West Ham will likely lead the rest of the pack, as they impressed under Slaven Bilic’s first year as manager. The loss of Ronald Koeman could hurt Southampton, though they are unlikely to be in any trouble. Koeman’s new club Everton will probably be much stronger defensively under the Dutchman, but the squad lacks enough depth to challenge for Europe. Stoke appear to be in a similar area, they have some good players and a good manager, but not quite good enough to challenge, although being an established strong mid-table team is something so many clubs below them dream of and Stoke are always capable of causing an upset.
Swansea’s signing of Fernando Llorente is an interesting one and although they probably need to improve their squad further, they should be fine. It’s a similar story for Crystal Palace and their poor second half of last season should be a warning to the Eagles of a need to improve or face a potential relegation scrap. The same can be said of West Brom, a team in need of more goals if they are to avoid a season of draws and narrow defeats. Watford were impressive returning to the top flight last season, but inexplicably sacked manager Quique Sanchez Flores. They managed to hold onto strike duo Odeon Ighalo and Troy Deeney, but will need a good start to the campaign. Bournemouth also impressed after their promotion to the Premier League and manager Eddie Howe has made some good signings this summer that should see the Cherries safe for another season.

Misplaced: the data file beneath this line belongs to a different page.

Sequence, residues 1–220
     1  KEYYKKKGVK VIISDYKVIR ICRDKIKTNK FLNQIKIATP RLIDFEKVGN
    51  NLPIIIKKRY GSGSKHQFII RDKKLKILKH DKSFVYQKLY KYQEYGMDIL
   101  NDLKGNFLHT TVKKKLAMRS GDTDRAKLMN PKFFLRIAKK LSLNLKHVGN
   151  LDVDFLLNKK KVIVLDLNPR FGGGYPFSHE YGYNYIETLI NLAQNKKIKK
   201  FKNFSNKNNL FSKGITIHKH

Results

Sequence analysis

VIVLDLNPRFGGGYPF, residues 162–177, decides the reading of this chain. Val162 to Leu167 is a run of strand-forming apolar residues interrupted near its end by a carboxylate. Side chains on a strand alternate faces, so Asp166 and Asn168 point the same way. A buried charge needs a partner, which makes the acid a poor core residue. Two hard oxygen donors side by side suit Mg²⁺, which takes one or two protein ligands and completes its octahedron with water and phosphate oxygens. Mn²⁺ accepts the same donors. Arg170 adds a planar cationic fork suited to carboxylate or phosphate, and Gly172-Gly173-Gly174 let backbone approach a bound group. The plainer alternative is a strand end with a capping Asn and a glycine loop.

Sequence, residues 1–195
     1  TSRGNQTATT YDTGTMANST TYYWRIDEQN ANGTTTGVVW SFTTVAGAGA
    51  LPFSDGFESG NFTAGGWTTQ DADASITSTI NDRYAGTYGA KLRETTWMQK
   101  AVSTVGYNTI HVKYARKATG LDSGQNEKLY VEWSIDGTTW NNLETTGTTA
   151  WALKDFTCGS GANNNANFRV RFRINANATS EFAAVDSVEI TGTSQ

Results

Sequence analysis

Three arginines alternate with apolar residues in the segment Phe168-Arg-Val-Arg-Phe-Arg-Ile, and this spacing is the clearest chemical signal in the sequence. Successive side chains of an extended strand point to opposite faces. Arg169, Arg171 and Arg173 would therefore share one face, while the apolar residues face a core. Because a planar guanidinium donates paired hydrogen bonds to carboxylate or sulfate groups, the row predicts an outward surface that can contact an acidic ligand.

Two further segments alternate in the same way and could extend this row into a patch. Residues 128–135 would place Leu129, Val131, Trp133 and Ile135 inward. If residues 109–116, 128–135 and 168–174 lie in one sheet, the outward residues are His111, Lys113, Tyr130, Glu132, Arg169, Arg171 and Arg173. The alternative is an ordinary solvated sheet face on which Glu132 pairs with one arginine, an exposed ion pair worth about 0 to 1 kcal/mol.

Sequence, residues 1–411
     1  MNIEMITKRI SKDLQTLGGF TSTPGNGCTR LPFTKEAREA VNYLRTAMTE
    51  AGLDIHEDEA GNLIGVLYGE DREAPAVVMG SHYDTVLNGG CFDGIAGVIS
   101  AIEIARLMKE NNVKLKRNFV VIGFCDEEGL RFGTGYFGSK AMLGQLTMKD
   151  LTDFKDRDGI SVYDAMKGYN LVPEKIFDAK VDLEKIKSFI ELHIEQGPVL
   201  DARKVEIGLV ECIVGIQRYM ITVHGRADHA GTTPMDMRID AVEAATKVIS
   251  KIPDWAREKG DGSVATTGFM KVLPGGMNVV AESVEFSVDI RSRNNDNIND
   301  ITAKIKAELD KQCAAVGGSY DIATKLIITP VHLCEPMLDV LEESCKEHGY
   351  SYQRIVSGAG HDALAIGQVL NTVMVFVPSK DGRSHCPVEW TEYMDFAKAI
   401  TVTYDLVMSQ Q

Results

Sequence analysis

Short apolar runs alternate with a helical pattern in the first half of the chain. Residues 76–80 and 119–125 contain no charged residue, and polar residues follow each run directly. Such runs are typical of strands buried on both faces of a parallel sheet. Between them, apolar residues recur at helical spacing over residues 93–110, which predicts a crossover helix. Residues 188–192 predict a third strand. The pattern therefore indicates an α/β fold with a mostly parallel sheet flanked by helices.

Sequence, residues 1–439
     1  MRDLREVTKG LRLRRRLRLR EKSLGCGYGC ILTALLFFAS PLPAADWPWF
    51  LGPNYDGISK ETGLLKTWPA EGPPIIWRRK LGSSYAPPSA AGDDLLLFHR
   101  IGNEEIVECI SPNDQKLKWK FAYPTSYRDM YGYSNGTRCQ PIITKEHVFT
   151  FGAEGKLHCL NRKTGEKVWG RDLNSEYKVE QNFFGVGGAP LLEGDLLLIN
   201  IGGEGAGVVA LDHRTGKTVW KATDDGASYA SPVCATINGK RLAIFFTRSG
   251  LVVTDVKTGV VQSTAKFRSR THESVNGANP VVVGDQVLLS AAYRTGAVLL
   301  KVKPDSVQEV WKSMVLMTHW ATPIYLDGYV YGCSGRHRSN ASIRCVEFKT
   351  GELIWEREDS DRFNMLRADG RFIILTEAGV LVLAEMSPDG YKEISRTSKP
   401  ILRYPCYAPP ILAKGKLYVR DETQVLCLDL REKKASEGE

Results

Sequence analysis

Sunderland survived last season by the skin of their teeth and have since lost members of their squad and manager Sam Allardyce to England; the appointment of David Moyes should be a good one, but he needs to sign some players quickly if the Mackems are not to be flirting with relegation again. Newly promoted Middlesbrough have made plenty of signings, with Victor Valdes, Marten De Roon, Viktor Fischer and Alvaro Negredo improving them in necessary areas and the Boro should be able to establish themselves. That certainly does not apply to Hull, who are a club in a mess; a paper thin squad and a manager resigned, their fate looks inevitable before a ball has even been kicked. Burnley, who came up as champions, will find it hard and could go straight back down, but manager Sean Dyche is a tough character and will make his team an equally tough prospect, so we could again see one or two established Premier League clubs lose that treasured status this campaign.
So, whether it be the big boys fighting over the title and scrapping for European places or clubs battling for their very Premier League existence, this promises to be one of the most competitive and exciting yet and Saturday cannot come soon enough.